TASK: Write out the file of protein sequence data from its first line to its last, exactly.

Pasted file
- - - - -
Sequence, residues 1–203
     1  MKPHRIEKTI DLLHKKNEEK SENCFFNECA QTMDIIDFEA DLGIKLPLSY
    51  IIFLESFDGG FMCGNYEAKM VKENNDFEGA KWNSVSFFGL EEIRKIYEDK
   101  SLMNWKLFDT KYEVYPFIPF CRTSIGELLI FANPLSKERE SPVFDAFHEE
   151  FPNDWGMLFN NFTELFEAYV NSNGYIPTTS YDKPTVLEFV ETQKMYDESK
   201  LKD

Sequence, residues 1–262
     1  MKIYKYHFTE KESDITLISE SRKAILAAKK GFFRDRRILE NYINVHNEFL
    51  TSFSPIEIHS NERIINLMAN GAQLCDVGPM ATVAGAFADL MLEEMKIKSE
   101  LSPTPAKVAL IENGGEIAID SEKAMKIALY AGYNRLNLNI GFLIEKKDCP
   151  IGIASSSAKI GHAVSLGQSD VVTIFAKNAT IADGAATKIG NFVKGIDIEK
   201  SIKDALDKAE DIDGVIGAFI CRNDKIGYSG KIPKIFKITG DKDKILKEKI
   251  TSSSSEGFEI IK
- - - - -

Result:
Sequence, residues 1–203
     1  MKPHRIEKTI DLLHKKNEEK SENCFFNECA QTMDIIDFEA DLGIKLPLSY
    51  IIFLESFDGG FMCGNYEAKM VKENNDFEGA KWNSVSFFGL EEIRKIYEDK
   101  SLMNWKLFDT KYEVYPFIPF CRTSIGELLI FANPLSKERE SPVFDAFHEE
   151  FPNDWGMLFN NFTELFEAYV NSNGYIPTTS YDKPTVLEFV ETQKMYDESK
   201  LKD

Sequence, residues 1–262
     1  MKIYKYHFTE KESDITLISE SRKAILAAKK GFFRDRRILE NYINVHNEFL
    51  TSFSPIEIHS NERIINLMAN GAQLCDVGPM ATVAGAFADL MLEEMKIKSE
   101  LSPTPAKVAL IENGGEIAID SEKAMKIALY AGYNRLNLNI GFLIEKKDCP
   151  IGIASSSAKI GHAVSLGQSD VVTIFAKNAT IADGAATKIG NFVKGIDIEK
   201  SIKDALDKAE DIDGVIGAFI CRNDKIGYSG KIPKIFKITG DKDKILKEKI
   251  TSSSSEGFEI IK